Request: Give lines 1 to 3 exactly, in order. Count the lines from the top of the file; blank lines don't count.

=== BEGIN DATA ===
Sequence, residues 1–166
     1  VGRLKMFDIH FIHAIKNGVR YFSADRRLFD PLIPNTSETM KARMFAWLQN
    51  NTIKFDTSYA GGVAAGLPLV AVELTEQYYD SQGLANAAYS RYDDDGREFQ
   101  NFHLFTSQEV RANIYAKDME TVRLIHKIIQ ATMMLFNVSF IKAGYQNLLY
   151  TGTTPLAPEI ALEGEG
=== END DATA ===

Sequence, residues 1–166
     1  VGRLKMFDIH FIHAIKNGVR YFSADRRLFD PLIPNTSETM KARMFAWLQN
    51  NTIKFDTSYA GGVAAGLPLV AVELTEQYYD SQGLANAAYS RYDDDGREFQ